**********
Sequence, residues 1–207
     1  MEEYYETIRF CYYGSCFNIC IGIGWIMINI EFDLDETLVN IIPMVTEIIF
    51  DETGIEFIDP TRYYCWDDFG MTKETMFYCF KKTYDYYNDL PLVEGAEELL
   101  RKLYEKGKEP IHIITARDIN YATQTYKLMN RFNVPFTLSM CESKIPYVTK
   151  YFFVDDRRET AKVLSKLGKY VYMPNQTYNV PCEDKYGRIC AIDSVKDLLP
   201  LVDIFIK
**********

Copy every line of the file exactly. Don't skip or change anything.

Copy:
Sequence, residues 1–207
     1  MEEYYETIRF CYYGSCFNIC IGIGWIMINI EFDLDETLVN IIPMVTEIIF
    51  DETGIEFIDP TRYYCWDDFG MTKETMFYCF KKTYDYYNDL PLVEGAEELL
   101  RKLYEKGKEP IHIITARDIN YATQTYKLMN RFNVPFTLSM CESKIPYVTK
   151  YFFVDDRRET AKVLSKLGKY VYMPNQTYNV PCEDKYGRIC AIDSVKDLLP
   201  LVDIFIK